It is in my dreams that I still see her.
Tonight she is disappointed, which is not unusual. She sits across from me, the mirrors spanning the far wall reflecting our side profiles back at us. I do not look at myself in the reflection.
What little I can see in my periphery is bad enough.
"Darling," Miss Kate says, smiling a false, tight smile. Darling, she always says. As though we are the best of friends.
She has an elegant voice, cultured and moneyed and smooth like aged whiskey. Just listening to her makes me feel small. "You're so much better than this."
She lowers her tea to her lap, then gestures at me. She indicates my stomach, my round face, my thighs. "You've let yourself go."
I don't say anything for a long moment. I look down at my feet, my cheeks burning with shame. "I'm sorry, Miss Kate," I finally say. "I'm sorry. I'll do better."
I look around the hall, avoiding her eyes. We are in the dance studio around the corner from my childhood home.
The dance studio in which Miss Kate once taught me ballet, jazz, modern, contemporary, tap. I learnt it all. I loved it all.
But it ate me up, slowly, one bite at a time.
Miss Kate is staring at me, caught in the honeyed light of early morning. The sun slips in through the half open blinds, illuminating the dust motes.
Her face as she watches me is sharp and pointed, like a rat's. Her body, even as she ages, remains tall and lithe.
She doesn't look intimidating, but that is why she always got away with terrible things; she is entirely unassuming.
She reaches out to place a motherly palm on my cheek. Her skin is so cold it burns. "I just want you to be the best you can be," she says. "I see something special in you."
I see something special in you. I taste bile at the back of my throat.
I think she did see something special in me. I think she tried to encourage it, in her own way. But what she actually did was whittle away at whatever special thing she saw.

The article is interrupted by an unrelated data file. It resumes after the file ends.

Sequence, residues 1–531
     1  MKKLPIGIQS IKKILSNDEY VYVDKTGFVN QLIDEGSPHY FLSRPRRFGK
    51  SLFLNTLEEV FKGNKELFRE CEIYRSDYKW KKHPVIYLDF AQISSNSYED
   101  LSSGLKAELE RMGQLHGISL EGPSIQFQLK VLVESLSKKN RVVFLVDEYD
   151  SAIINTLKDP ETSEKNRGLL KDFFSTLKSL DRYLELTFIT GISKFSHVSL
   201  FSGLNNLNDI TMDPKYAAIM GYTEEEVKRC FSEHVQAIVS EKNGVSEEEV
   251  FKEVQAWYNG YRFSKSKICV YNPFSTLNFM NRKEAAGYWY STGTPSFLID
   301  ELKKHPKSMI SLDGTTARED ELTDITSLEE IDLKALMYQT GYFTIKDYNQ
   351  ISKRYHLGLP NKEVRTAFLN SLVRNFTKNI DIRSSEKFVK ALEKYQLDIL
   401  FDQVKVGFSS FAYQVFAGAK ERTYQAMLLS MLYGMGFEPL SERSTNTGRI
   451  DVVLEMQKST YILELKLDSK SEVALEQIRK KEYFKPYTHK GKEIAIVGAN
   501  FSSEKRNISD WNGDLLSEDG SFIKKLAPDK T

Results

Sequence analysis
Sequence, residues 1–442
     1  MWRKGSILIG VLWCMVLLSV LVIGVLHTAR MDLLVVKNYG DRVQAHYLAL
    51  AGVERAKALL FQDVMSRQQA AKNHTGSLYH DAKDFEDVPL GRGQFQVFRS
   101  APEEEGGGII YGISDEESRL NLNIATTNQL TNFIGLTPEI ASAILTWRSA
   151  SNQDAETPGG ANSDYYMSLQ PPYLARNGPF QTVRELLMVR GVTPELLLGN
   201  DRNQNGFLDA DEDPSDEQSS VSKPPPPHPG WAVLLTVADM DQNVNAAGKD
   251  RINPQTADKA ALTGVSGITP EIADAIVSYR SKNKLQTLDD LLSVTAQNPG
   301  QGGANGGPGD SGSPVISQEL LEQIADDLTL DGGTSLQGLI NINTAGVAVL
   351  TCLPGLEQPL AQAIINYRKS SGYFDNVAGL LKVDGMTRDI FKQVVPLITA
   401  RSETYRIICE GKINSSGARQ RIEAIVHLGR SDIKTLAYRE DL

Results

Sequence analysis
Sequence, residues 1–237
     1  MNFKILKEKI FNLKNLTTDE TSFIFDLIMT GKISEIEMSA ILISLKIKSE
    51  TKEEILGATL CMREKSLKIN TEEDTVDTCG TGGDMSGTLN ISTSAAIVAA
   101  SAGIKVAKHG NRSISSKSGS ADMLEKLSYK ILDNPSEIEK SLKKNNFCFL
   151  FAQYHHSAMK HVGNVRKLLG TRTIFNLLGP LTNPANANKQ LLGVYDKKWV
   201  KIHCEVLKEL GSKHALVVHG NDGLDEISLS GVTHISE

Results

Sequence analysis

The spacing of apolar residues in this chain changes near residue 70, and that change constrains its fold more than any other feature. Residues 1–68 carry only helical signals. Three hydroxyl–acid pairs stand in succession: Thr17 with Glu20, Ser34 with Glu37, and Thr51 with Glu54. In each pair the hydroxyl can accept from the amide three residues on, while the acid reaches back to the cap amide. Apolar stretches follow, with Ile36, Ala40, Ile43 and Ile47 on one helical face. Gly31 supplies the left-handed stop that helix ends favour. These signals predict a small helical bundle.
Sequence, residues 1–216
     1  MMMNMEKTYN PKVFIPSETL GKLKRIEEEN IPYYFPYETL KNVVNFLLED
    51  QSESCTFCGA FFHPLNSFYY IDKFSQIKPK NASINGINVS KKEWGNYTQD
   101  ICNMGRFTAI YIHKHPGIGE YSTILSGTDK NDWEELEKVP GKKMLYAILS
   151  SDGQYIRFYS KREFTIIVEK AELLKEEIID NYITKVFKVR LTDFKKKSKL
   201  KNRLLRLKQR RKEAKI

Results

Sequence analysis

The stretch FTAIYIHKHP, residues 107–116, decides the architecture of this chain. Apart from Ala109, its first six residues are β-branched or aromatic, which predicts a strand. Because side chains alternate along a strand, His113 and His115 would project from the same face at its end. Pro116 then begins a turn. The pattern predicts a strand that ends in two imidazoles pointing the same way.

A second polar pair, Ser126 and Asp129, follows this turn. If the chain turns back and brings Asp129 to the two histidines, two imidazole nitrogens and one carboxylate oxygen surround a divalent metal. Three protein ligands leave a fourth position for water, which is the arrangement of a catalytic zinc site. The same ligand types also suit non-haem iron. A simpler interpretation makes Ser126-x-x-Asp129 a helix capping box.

She whittled and whittled and whittled, until all that remained of it was something sharp and jagged. I can't breathe around it, sometimes. This thing she left lodged there.
She whittled and whittled and whittled, until all that remained of it was something sharp and jagged. I can't breathe around it, sometimes. This thing she left lodged there. This anger.
"I'll see you tomorrow night," she says.
I pull myself from bed and stagger over to my mirror. I have to set it on the dresser to properly examine my body. There are no full-length mirrors in this room.
I turn my body left, then right. I feel the fat at my middle, my back, my arms, my thighs. I feel it everywhere. Even my face looks swollen with it. I look away, blinking back tears, disgusted.
"Evelyn!" my mother calls. "Breakfast!"
"I'm not hungry," I whisper to myself. It is a lie I tell myself, sometimes. Perhaps if I say it enough, I will begin to believe it.
I remember dancing in ballet, my left hand resting on the bar. "You don't need to choke it, Evelyn," Miss Kate would say, then laugh. "You're not going to fall off."
I'm scared, I'd think. I'm so scared of you. My grip on this bar is the only thing keeping me standing.
Of course, I'd say nothing. Back then, I was a mouse. Less than a mouse. I didn't even squeak.
If she had to say something more than once, she'd approach. She moved like a panther, feline and elegant. She struck like one, too. She'd forcibly uncurl fingers.
She'd move legs and arms into the right position. Forcefully--but not violently. She was careful about that.
"In my day, they'd take a switch to the back of your legs for that sort of poor form," she'd say. As though we were supposed to be grateful that she didn't physically injure us.
As though she was doing us a kindness. As though she expected us to thank her. Thank you, batshit crazy lady. Thank you for your restraint.
If I could go back, I would tell her that there are other ways to hurt a person. Ways you don't see. Ways that linger.
If I could go back, I would smack her smug face; yell at her, kick at her, spit at her. I would act like the animal I am.
This anger this anger
This anger this anger this anger she breathed to life inside of me.
She was so cruel that we would cry, sometimes. At eight. At nine. At ten. We were only children. Still, we would be made to feel ashamed of our tears.
"Stop crying, cry baby," she would say, shoving wads of tissue into our hands. Then she would turn the music on, and we would dance, marionettes, smiling through the tears.
Sometimes, in my head, I wrap my hands around her neck.